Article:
In the April 2002 edition of our newsletter, we reported that Sweden was planning to enact new legislation to introduce class actions – a familiar concept in the US – as a new form of litigation. The Swedish Act on Group Proceedings ("the Act") came into force on 1 January 2003 and a test case is pending.

Finland and Norway are currently considering whether to follow suit but discussions are in their initial stages and it is likely to take some time before legislation is enacted. Also, plans are afoot to introduce similar legislation in The Netherlands.

A broad interpretation of some European legislation in the consumer[1] field could prompt other Member States to introduce class actions into national legislation. Article 65 of the EC-treaty provides the EU with a general right to intervene in and issue directives in respect of judicial proceedings in the Member States although certain preconditions must be met before the EU can exercise this right. Furthermore, resistance to class actions allegedly resides within the EU for reasons similar to those voiced by the critics of the new Swedish legislation and explained below. Whether or not we will see a harmonised system within the EU for group actions and how long it will take remains to be seen but we will certainly keep you informed.

The Act recognises three different types of group actions; namely private group actions, organisation actions and public actions. A private group action may be instituted by any natural person or legal entity provided that he or it is a proper claimant in the action. An organisation action may be instituted by any non-profit organisation or association that protects consumer or employee interests in certain disputes whereas a public group action may be instituted by an authority which is considered suitable for representing members of the group (the suitability of an authority to bring a public action is determined by the Government)

The Act identifies certain preconditions to bringing a class action. By way of example, the Act provides that the class action must be founded on circumstances that are common or of a similar nature and that the group must be appropriately defined (taking into consideration its size and ambit). Some features of the Act include the following:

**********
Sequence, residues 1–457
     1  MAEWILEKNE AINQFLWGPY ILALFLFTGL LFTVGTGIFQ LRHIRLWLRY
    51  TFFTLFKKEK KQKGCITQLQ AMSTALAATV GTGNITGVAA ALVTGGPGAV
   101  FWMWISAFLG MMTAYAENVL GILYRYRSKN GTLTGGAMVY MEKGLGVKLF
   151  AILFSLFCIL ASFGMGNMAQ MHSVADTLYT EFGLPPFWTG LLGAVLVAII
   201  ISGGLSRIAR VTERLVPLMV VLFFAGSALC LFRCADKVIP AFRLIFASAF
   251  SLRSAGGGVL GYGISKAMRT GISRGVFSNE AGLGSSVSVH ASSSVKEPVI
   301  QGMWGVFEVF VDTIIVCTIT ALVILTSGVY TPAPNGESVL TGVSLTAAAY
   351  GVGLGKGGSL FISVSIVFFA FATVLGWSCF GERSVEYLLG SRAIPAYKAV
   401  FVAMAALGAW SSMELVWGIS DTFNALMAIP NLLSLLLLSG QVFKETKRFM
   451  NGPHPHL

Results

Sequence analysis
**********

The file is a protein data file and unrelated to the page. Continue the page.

• parties who wish to participate in the action or become part of the class must "opt-in" i.e. notify the court that they wish to be included in the action upon receipt of notice by the Court that an action is pending;
  • a private group action and an organisation action must be conducted through an attorney who is a member of the bar; and
  • a settlement concluded on behalf of the group must be approved by the court.

One of the Act’s main purposes is to facilitate greater opportunities for claimants to have their cases tried thus increasing access to justice. However, during the consultation period, concern was expressed that the Act would lead to the opening of the "floodgates" and would encourage vexatious litigation. There were also fears that the new Act would deter investments in Sweden. The general consensus is that these fears will not be realised. The Act is not likely to prompt a surge of private class actions because damages are limited under Swedish tort law. In addition, the Act has placed limitations on the type of fee arrangements which may be entered into between the claimant and his lawyer. If the fees payable depend on the outcome of the case then the arrangement must be approved by the court and must be reasonable. The Act also makes it clear that, in the event of an unsuccessful action, the group is liable to pay the defendant’s legal fees which could be substantial. However, critics of the Act remain concerned that it is ripe for abuse in that plaintiffs will be able to blackmail corporate bodies by threatening to "go public". Although against this, one advantage to a corporate body is that it may be able to settle a large number of claims through a single action and the Act will also help to keep corporate behaviour in check which is in everyone’s interests.

The likelihood of European wide/international claims will depend on whether the Swedish court will assume jurisdiction according to Swedish procedural law. The Act is not expected to be used for environmental claims which generally relate to licensing by authorities; naturally, there are few private claims in this field.

In the test case now pending, the defendant is the former owner of a now insolvent travel agency called Aer Olympic. It was discovered that the defendant had removed a large amount of cash from the travel agency’s bank accounts shortly before it was declared insolvent. The defendant was sentenced to imprisonment in 2003 for defrauding creditors.

The class action has been initiated by a private person who purchased air tickets from Aer Olympic. Needless to say, Aer Olympic’s insolvency rendered the tickets worthless. The claimant alleges that the defendant’s withdrawing of the cash caused Aer Olympic to become insolvent and consequently, caused his tickets to be rendered worthless.

The class action is in its initial stages. The District Court of Stockholm has recently sent a letter to all the members of the class identified by the plaintiff (around 1,000 private persons who purchased air tickets from Aer Olympic which became worthless) notifying them of their entitlement to "opt-in".

A preparatory oral hearing is planned to take place later this year. We shall keep you posted!

Written by John Kadelburger & Petter Nilsson.


[1] See the Council Directive 93/13/EEC of 5 April 1993 on unfair terms in customer contracts and Directive 98/27/EC of the European Parliament and of the Council of 19 May 1998 on injunctions for the protection of consumers' interests.